There have been a few requests for both application and removal tips regarding glue-ons, so here’s the whole shebang in one post! If you are more of a video person there are company provided Youtube videos on the same.
You will need:
- denatured Alcohol, DA: (NOT rubbing alcohol)–can be found at Home Depot or equivalent
- nitrile gloves–GLOVES ARE GOOD!!
- glue gun
- Glue ons, with spares, and ideally a size above and below the size you think you need (I just had 6 size 0s, the size he wears in strap-on)*
- Glueing tips, plenty to spare*
- fresh tube of Adhere*: while you can keep a used tube around at ride weekend, if you are gluing for a new event: don’t cheap out, buy new glue!
- approx. 40 grit sandpaper–I used both block and flat paper and they were both good
- tin snips or similar to cut notches in shell if needed
- Hoof stand
- hoof nippers–to nip off excess boot shell if needed
- if weather is over 70, cooler with ice to rest glue in before use
- paper towels
- trash bag
*available at Renegade Hoof Boots
Hoof prep is key in gluing. Vigorous sanding of the lower 3/4 of the hoof must be done until no imperfections can be seen or felt. This is Morgan/Welsh Kenny’s wonkiest foot after sanding, hard to tell here but it’s high to the outside among other things. This foot particularly did not entirely seat in the glue on shell and gapped the quarters out, which is highly inconvenient as the quarters are your main glue adhesion area.
Fortunately, with tin snips or similar, you can cut triangular notches in the boots as needed to adapt fit. In this case, we cut *2*small triangle notches out of each front boot. Just like that, with flex points added by notching, the boot was able to match the odd angles and seated well at the toe, with nearly zero quarter gapping. You can see here how unevenly seated that right front looks, that’s merely an accurate reflection of the high sided hoof/crooked leg. The left front is more normal but also benefitted from the notches, while his hinds are quite regular and required no alteration. (that left hind hasn’t been prepped/sanded yet in this photo)
After sanding the bottom 3/4 of the hoof AND the inside of the boot shell, the shell and hoof are carefully cleaned with denatured alcohol, placing a spare shell on the cleaned hoof as a slipper so it doesn’t retouch the ground. Glue is squirted around the quarters and toe of the boot, ever careful not to get any on the sole, and the boot is applied *quickly* and held strongly in place, with thumbs pressing down the quarters to really encourage a smooth tight seal. The glue is warm to the touch as it sets and you can feel from the outside where glue is smooth to hoof and where there are gaps (ideally there aren’t gaps). After a few minutes of holding the hoof up and pressing, the hoof can be set down, but it’s important the horse not wiggle or torque while the glue is setting. Holding up the opposite leg can assist in stillness.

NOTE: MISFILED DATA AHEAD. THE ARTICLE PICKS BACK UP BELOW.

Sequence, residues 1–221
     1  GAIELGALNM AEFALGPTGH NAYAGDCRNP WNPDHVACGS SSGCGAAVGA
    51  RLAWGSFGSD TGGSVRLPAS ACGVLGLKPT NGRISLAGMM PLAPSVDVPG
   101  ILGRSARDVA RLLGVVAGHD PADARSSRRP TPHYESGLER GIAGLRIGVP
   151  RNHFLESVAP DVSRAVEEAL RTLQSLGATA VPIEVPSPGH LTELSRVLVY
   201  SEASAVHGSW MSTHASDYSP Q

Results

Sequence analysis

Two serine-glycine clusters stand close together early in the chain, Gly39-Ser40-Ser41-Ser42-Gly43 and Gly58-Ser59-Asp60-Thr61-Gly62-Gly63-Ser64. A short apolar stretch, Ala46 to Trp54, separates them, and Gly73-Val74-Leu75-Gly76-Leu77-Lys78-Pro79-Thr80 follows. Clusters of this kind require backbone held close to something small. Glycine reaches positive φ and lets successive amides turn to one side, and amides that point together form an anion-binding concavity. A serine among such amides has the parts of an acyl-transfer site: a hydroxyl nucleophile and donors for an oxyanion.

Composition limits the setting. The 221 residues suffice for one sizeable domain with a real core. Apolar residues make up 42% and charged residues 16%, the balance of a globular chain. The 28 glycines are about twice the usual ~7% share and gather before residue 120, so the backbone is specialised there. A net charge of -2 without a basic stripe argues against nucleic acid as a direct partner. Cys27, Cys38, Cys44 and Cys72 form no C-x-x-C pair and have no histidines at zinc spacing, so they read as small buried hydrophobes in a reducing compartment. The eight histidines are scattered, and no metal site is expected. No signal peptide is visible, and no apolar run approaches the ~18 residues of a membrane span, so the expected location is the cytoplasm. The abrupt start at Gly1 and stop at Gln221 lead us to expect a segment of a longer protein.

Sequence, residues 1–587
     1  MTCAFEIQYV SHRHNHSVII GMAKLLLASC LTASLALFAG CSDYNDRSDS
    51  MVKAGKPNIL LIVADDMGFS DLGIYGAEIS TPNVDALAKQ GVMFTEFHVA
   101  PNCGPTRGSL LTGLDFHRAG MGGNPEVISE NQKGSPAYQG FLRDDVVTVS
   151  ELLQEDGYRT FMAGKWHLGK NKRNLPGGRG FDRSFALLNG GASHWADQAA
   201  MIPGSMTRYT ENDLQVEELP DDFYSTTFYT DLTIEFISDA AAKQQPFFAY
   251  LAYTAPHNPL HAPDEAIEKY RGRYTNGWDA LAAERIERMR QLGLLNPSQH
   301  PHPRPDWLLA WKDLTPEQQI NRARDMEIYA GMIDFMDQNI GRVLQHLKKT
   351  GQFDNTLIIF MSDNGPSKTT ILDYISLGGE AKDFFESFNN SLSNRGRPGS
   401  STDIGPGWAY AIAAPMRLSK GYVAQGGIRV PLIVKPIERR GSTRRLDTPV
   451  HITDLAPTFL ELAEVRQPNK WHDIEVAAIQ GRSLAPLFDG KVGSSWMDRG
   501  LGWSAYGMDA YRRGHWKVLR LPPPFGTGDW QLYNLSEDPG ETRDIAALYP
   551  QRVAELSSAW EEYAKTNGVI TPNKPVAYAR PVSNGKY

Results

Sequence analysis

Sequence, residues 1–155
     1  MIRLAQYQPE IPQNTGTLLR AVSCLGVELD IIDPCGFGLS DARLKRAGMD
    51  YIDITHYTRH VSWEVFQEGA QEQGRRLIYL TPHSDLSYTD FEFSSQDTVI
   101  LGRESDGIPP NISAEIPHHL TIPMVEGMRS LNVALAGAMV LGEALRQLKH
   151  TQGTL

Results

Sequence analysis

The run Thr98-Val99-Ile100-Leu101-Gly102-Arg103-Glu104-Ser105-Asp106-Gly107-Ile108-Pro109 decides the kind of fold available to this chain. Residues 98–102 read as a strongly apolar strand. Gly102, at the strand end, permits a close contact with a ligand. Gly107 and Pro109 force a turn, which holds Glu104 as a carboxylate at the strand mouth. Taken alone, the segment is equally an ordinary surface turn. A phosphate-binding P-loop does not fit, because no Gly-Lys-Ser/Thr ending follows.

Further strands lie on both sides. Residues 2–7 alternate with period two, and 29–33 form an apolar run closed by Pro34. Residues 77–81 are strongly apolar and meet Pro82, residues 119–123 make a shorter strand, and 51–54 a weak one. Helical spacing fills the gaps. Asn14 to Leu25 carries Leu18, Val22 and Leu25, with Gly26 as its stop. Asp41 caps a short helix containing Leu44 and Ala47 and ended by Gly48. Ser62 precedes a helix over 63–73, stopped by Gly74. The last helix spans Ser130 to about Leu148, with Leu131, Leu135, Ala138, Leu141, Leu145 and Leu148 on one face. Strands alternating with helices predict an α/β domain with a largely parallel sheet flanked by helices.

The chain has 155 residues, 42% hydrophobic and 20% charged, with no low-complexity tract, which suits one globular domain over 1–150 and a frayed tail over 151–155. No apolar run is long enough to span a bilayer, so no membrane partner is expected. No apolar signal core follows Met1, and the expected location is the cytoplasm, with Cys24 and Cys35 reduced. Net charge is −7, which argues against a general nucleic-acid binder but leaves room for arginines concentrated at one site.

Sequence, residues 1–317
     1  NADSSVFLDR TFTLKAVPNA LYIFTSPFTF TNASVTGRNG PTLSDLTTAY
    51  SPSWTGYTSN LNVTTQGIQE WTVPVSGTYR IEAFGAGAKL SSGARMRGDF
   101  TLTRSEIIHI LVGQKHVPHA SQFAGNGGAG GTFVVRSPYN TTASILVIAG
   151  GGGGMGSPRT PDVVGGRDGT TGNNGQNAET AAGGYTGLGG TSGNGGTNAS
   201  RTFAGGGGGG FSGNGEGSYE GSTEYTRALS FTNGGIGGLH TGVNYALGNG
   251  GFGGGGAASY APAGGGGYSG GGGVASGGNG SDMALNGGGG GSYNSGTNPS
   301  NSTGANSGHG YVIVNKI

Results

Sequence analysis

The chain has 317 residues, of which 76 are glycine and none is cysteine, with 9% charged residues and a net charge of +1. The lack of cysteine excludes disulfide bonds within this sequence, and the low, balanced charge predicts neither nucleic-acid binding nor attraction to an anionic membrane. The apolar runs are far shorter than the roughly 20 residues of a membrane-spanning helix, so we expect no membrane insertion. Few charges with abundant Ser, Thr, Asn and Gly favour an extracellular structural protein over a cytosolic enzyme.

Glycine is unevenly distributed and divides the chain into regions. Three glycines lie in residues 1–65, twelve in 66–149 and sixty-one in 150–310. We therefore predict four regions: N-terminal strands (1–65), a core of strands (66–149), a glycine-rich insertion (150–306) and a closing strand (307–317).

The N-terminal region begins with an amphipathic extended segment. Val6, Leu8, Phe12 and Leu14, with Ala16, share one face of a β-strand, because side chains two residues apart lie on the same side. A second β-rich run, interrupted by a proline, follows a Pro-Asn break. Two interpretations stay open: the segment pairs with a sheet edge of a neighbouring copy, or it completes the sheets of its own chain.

I removed Kenny’s Renegade Hoof Boots glue-ons in about 30 minutes.
Note: You can carefully break the glue seal and pry off the boots, using a dremel to remove excess glue for shell re-use. Illustrated here is recommended company one time use and removal.
You will need:
*flathead screw driver
Cut along the bottom of the shell, there are guidance lines around quarters
Grab hold of the back of the boot, nipping a starter notch/prying up with screwdriver if necessary
Peel the top of The boot shell away along your cut
(if you peel more slowly than I did here, you can get the glue off with the boot all at once better than this too)
Only boot Sole remains, easily wiggled off/pop with screwdriver if necessary
Carefully grab hold of glue chunks and peel them off, prying up with flathead if necessary
Hind and front, post glue-on removal/hoof knife clean up
Take a bow Kenny!